Hans van Loenhoud (Taraxacum) graduated as a biologist and worked in ecological research at the University of Amsterdam. In 1980 he switched to IT and started his career as a Cobol programmer. For more than 10 years, he was involved in development projects for customers in finance, industry and government. Later on, he specialized in consultancy on data, information and quality management. Around Y2K Hans entered the field of software testing and worked as a test manager in various development projects. During this work, he took interest in requirements engineering, because he is convinced that good requirements are a prerequisite for professional testing. Nowadays, he is committed to build the bridge between the two disciplines, acting as a trainer for ISTQB, TMap, IREB and iSQI courses. Since 2016, he is member of the Executive Committee of the International Requirements Engineering Board.

Michael Kemper

‘Profiles in the fast-paced digital age: People and companies have their own agenda ’

Digitization changes collaboration in organizations from the ground up. There are new opportunities for networking with colleagues and market partners as well as new requirements for participation. Over the last decade negotiating positions, hierarchical structures, power and domain knowledge - are constantly under scrutiny under these conditions with a great impact on cultural change.

In fact, a company or a project network is mainly a living ecosystem, the interaction of different people, which react individually and partly completely irrationally to clearly thought-out transformation processes. Quite often individual worries about his or her own employability combined with the question of what skills he has to offer, which will be relevant in the digital age? In this environment, decision-makers are looking for orientation to design the appropriate implementation strategy. It is necessary within transformation planning to consider the implications, the understanding of the context, the expectations and the cultural background of decision-makers, stakeholders and teams at an early stage. It is key to identify their personality with his congenital and learned behavioural patterns in comfort zones such as under stress.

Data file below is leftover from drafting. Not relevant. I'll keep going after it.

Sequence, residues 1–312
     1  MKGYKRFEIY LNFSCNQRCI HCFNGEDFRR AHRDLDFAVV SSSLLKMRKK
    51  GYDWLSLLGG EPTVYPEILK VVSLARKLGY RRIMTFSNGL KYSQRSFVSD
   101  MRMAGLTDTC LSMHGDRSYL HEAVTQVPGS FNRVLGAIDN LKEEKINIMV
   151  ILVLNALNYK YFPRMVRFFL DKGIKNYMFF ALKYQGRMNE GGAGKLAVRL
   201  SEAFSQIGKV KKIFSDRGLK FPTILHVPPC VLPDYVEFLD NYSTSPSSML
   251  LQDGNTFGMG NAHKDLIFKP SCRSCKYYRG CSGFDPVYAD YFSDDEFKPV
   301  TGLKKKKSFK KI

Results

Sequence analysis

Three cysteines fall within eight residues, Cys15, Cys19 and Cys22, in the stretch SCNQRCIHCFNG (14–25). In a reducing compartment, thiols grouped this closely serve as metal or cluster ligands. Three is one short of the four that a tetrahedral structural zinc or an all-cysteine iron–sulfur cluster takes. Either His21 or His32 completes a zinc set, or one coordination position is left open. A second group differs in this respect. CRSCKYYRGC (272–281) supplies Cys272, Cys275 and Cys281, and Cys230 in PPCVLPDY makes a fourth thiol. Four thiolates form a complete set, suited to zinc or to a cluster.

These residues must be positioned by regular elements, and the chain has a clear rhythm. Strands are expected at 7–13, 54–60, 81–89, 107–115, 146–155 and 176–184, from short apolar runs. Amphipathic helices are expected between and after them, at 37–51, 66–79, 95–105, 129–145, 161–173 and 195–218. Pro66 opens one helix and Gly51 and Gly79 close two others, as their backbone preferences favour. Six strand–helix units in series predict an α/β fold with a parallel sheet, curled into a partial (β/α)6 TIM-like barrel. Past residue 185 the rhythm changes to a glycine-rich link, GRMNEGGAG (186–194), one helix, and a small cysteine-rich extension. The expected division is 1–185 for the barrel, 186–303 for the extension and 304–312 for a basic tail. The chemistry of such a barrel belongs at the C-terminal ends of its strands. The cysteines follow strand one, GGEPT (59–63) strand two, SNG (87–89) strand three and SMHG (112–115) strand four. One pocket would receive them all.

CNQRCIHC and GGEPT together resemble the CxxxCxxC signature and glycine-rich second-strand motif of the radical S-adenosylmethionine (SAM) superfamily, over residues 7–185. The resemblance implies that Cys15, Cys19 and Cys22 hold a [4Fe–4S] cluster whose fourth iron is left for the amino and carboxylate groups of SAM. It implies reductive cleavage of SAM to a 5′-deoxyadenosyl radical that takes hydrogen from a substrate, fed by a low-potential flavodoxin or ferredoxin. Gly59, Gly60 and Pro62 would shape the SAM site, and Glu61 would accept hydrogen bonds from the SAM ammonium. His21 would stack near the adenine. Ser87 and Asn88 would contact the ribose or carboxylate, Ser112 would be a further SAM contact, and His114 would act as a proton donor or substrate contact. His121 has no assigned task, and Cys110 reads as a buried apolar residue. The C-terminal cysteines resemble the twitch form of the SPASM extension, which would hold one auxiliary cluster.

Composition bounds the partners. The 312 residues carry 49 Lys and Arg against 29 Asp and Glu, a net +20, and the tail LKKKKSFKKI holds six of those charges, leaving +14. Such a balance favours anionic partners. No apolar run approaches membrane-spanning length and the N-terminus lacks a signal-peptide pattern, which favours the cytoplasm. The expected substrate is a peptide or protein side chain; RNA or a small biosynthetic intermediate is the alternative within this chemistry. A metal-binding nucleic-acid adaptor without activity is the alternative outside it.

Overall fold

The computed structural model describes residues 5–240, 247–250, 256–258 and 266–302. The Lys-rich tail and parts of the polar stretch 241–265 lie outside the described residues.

In this presentation, practice experience and key instruments associated with the complexity and instability of interpersonal relationships and the effectiveness of personality models will be introduced. Application patterns (agile projects, design process, leadership, recruiting, team setup etc.) are presented to identify economic risks of passive, hidden resistance or to discover hidden economic potential at an early stage.